Wednesday, May 09, 2018


Ink-Slinger Profiles by Alex Jay: Tom H. Foley

Thomas Henry Foley was born on February 3, 1887, in Minneapolis, Minnesota, according to his World War I draft card which also had his full name. The !900 U.S. Federal Census recorded his birth month and year as February 1887. However, a transcription at the Minnesota, Births and Christenings Index (at has the same birthplace but the birth year was 1888.

In the 1900 census, Foley was the fourth of five children born to John, an Irishman and stone mason, and Ellen, an Englishwoman. The family resided in Minneapolis at 1534 East 22nd Street.

Inklings of Foley’s talent appeared frequently in the Minneapolis Journal from 1902 to 1904 in its section, The Journal Junior.

The Minneapolis Journal, January 10, 1903, announced the winner of an art scholarship and said 

Zula J. Bottenfield, Seventh Grade, Madison School, has won the scholarship offered in connection with the work in the Junior advertising department, and is entitled to four months instruction at the Minneapolis School of Fine Arts. As was announced at the beginning, these scholarships are awarded wholly upon the artistic merit of the designs, irrespective as to what makes the best advertisement: All things considered Miss Bottenfield’s work best filled the requirements, although the work of Esther Chapman and Thomas H. Foley is deserving of special mention.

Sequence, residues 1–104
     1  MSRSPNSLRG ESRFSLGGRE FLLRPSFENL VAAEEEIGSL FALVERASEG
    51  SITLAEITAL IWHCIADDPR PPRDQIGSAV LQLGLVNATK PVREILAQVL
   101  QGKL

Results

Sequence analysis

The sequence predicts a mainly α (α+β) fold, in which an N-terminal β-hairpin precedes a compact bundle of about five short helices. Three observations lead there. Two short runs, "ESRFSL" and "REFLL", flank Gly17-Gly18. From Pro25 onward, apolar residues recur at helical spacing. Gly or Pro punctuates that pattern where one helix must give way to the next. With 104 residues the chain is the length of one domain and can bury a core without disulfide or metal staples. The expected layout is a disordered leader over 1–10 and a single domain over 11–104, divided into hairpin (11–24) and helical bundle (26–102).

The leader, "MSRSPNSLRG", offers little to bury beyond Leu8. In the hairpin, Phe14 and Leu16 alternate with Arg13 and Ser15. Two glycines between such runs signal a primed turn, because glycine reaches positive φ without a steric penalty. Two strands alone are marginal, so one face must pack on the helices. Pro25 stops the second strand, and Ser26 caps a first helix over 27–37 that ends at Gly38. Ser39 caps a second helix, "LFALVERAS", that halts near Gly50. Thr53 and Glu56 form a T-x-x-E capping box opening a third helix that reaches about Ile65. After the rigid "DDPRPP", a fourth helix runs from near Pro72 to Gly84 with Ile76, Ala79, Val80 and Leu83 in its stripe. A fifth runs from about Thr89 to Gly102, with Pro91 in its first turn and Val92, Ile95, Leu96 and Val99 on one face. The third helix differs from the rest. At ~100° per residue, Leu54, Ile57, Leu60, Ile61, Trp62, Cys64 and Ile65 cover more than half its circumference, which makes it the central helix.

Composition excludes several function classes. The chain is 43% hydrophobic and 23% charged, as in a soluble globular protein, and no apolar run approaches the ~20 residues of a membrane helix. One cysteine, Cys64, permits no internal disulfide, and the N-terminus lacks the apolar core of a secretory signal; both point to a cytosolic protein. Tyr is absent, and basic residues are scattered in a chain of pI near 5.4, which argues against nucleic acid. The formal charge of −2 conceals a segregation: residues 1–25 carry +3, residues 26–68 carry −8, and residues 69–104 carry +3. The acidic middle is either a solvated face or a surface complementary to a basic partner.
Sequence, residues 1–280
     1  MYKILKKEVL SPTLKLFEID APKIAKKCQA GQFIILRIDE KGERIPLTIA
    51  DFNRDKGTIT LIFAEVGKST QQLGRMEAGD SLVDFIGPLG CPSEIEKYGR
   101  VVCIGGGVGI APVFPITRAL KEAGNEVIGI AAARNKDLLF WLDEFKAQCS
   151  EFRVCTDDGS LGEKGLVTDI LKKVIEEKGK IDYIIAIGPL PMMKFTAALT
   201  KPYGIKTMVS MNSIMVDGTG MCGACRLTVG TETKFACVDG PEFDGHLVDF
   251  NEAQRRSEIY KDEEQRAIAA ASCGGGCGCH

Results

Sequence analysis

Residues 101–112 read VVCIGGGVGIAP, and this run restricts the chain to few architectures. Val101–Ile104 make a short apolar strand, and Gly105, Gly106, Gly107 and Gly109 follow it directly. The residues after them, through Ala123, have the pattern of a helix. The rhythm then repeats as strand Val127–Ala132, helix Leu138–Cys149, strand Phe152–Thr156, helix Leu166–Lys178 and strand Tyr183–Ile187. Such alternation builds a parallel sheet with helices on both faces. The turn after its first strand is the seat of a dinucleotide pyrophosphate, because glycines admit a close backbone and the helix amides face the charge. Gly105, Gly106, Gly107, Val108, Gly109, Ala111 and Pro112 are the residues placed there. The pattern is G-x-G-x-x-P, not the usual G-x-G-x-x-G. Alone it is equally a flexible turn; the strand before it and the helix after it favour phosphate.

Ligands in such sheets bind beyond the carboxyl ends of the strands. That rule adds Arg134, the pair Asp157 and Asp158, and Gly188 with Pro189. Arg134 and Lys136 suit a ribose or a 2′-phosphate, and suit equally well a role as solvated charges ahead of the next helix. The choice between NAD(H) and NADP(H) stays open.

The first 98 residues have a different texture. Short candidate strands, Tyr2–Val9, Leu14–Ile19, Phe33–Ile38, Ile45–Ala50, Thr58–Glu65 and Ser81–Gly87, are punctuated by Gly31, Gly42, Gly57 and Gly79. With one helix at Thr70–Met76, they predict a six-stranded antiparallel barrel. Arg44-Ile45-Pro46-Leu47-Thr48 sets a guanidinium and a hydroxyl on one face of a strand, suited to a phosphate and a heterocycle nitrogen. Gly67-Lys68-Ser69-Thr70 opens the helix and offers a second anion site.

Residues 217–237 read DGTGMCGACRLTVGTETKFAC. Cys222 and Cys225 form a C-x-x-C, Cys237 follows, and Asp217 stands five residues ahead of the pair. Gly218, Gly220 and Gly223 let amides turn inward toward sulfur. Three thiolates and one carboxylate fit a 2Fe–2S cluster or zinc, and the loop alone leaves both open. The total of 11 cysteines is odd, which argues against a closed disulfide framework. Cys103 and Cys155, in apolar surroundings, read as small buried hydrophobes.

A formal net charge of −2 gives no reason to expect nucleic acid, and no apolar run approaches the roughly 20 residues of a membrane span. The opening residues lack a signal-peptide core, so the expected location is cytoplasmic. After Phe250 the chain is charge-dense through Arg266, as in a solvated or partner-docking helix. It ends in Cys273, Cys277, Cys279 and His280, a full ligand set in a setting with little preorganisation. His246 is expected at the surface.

Foley was mentioned in St. Nicholas, March 1904.

Information about Foley’s training has not been found. American Newspaper Comics (2012) said Foley produced over a dozen comics for the Minneapolis Journal, from 1909 to 1913, including Buddy and His Wonderful Lamp, The City Fairies, and Here’s to Your Health, which debuted late in 1926.

In the 1910 census, newspaper artist Foley continued to live with his parents and remaining siblings. They lived in Minneapolis at 2213 Chicago Avenue.

On June 5, 1917, Foley signed his World War I draft card. He was married and lived in Excelsior, Minnesota. His description was tall and slender with brown eyes and black hair.

Cartoons Magazine, September 1917, published this item about Foley. 

Thomas Foley, cartoonist of the Minneapolis Daily News, won the prize offered for the best recruiting poster design for the First Minnesota artillery. It shows a 14 inch gun in action. The caption reads: “Do you dare to join the First Minnesota artillery?”

According to the 1920 census, Foley and Mildred made their home in Minneapolis at 2701 Clinton Avenue.
Foley was employed at the Minneapolis Daily Star which featured him in its April 25, 1924 edition.

In the 1930 census, the couple were residents of Minnetonka, Minnesota. The census said newspaper artist Foley was 29 when he married Mildred.

Foley passed away sometime before the 1940 census which recorded his wife as a widow in St. Louis Park, Minnesota.

—Alex Jay


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